Numerous people on the [GM] forums complained about spiking premiums as a result. A Cadillac driver in Palm Beach County, Fla., who asked not to be named because he is considering a lawsuit against G.M., said he was denied auto insurance by seven companies in December. When he asked an agent why, she advised him to pull his LexisNexis report. He discovered six months of his driving activity, including many instances of hard braking and hard accelerating, as well as some speeding.

“I don’t know the definition of hard brake. My passenger’s head isn’t hitting the dash,” he said. “Same with acceleration. I’m not peeling out. I’m not sure how the car defines that. I don’t feel I’m driving aggressively or dangerously.”

When he finally obtained car insurance, through a private broker, it was double what he had previously been paying.

The Cadillac owner, Mr. Dahl and the drivers on the forums had all been enrolled in OnStar Smart Driver. OnStar is G.M.’s Internet-connected service for its cars and Smart Driver is a free, gamified feature within G.M.’s connected car apps (all part of OnStar, but branded MyChevrolet, MyBuick, MyGMC and MyCadillac).

We’re just at the tip of the iceberg with this problem and I’d encourage everyone to go and read any of the linked articles for additional context. This is a massive issue, with GM and LexisNexis being a singular avenue.

The amount and type of data, as well as how consent is managed, varies quite a bit. But Kia, Subaru and Mitsubishi were also said to contribute to the LexisNexis data treasure trove via their own “Telematics Exchange” programs. Ditto for Verisk Analytics (another data company) who confirmed it receives user data from most major automakers — citing Ford, Honda, and Hyundai as examples.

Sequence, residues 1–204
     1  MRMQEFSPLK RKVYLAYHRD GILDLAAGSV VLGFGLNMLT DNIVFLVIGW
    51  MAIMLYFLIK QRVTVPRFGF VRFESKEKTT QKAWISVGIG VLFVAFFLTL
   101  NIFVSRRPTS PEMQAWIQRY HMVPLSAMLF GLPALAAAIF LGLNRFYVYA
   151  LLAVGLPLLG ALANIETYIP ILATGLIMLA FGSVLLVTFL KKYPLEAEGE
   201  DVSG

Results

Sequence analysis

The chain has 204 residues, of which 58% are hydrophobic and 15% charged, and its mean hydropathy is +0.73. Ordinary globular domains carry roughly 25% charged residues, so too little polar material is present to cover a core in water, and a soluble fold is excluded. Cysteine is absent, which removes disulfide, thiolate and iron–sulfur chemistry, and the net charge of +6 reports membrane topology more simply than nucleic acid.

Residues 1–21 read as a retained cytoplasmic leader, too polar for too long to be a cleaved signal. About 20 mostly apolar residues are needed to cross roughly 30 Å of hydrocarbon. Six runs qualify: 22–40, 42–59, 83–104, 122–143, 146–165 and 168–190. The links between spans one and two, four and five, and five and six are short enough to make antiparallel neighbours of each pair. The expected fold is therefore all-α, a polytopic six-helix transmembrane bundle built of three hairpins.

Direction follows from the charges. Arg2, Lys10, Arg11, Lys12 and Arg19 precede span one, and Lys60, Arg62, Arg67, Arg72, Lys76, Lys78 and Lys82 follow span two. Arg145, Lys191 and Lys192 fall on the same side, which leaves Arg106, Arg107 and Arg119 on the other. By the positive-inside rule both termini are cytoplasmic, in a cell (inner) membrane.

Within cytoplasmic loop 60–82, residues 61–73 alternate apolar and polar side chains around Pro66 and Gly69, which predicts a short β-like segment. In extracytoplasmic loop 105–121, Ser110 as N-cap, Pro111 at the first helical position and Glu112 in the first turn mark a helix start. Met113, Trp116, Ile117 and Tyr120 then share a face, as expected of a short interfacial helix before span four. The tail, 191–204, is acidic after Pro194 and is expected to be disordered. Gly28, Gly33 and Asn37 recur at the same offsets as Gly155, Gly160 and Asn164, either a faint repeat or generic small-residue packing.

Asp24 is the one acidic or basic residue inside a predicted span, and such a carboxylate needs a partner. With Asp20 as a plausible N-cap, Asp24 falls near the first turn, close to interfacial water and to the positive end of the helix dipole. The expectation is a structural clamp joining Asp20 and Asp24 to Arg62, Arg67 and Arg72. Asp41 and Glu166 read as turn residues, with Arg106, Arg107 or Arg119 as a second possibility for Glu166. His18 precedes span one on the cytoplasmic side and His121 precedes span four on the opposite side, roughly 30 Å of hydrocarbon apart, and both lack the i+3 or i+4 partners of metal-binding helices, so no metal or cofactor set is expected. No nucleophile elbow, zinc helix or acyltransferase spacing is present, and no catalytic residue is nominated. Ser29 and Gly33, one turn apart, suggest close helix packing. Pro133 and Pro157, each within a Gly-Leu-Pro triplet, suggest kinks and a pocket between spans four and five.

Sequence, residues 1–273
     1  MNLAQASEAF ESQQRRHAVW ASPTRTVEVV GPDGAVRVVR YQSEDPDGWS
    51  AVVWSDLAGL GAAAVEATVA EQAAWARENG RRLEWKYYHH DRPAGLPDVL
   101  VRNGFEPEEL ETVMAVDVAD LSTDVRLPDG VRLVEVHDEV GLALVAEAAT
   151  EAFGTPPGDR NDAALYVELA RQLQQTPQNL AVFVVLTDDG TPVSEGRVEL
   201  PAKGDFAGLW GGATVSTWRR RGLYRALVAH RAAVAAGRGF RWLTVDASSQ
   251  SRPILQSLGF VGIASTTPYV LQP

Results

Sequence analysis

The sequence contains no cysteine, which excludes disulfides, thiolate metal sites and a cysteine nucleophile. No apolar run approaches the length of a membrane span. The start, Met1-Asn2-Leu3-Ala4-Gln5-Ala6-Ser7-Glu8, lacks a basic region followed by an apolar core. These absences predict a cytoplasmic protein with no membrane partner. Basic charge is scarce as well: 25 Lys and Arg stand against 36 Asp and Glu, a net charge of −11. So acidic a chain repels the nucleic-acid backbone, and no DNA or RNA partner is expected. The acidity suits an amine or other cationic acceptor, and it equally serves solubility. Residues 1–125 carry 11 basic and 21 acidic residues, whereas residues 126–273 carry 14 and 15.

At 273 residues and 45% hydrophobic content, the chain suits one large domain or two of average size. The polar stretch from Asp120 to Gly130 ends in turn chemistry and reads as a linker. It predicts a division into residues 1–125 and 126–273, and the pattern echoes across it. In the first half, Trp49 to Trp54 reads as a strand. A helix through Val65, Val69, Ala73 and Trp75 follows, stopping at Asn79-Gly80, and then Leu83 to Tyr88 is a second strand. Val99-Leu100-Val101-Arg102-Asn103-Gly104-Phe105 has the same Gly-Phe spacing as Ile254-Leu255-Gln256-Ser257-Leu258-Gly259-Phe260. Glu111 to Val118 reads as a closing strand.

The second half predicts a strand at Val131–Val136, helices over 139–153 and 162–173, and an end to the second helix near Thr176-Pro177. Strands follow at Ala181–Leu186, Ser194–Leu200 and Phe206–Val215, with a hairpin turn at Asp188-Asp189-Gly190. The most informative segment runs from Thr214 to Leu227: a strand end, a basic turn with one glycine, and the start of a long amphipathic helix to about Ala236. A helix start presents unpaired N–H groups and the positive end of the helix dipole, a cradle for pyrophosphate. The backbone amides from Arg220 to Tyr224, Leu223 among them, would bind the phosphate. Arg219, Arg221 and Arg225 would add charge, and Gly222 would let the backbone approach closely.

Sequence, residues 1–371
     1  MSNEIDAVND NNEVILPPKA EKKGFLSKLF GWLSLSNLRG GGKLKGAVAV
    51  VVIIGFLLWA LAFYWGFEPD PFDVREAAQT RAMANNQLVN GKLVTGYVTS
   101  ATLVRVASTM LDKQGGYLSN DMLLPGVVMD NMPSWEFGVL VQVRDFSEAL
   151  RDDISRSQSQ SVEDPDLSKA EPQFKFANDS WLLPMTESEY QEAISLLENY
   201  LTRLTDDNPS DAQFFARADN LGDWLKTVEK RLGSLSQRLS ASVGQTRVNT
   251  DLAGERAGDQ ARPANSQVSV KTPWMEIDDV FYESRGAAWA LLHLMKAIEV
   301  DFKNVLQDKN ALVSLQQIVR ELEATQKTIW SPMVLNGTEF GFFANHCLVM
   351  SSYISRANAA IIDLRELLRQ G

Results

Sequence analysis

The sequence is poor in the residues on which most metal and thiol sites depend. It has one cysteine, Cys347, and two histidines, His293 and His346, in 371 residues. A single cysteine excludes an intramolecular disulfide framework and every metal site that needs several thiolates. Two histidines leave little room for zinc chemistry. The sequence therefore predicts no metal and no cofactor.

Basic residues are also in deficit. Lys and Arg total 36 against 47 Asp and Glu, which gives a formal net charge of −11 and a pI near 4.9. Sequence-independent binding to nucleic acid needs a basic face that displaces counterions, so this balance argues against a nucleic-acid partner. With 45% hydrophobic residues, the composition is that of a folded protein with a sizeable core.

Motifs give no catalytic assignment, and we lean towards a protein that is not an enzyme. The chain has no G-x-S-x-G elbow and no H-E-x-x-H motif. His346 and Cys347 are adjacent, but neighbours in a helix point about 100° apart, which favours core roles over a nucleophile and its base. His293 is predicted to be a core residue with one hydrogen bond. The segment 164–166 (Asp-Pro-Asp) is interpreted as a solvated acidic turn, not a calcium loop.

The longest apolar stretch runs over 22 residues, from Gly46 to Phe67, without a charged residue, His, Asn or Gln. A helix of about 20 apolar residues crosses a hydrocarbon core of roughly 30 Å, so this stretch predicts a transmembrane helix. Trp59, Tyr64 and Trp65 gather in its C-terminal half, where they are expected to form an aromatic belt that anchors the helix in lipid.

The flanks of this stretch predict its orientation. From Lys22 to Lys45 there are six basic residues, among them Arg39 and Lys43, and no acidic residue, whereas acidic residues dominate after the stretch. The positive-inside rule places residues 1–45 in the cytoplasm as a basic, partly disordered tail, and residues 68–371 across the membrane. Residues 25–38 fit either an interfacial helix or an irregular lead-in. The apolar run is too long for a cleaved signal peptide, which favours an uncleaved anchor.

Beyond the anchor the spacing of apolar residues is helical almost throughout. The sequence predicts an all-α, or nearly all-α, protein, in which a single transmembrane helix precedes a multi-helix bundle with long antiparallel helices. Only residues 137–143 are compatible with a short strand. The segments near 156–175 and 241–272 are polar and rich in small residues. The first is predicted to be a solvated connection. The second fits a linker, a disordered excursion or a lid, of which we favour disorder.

As for what you can do about it, you have a few options. You can either exclusively own older vehicles that predate automotive connectivity or you can be extremely fastidious whenever you interface with the features of your automobile. Read the fine print and explore exactly what kind of data each brand shares. Shunning any advanced safety features and never signing up for safe-driving programs would also make it more difficult for data brokers to help insurance firms burn you.

However, real change is only going to come when there’s a concerted effort from consumers to oppose these trends. On a longer timeline, these types of data exchanges may also be deemed illegal if there’s a competent judge involved. Some states even have user privacy laws that already place these practices on shaky legal ground and California is actively investigating how automakers collect their data. Senator Edward Markey (D-MA) has likewise asked the Federal Trade Commission to investigate the matter at the federal level.

“The ‘internet of things’ is really intruding into the lives of all Americans,” Senator Markey stated. “If there is now a collusion between automakers and insurance companies using data collected from an unknowing car owner that then raises their insurance rates, that’s, from my perspective, a potential per se violation of Section 5 of the Federal Trade Commission Act.”

[Image: General Motors]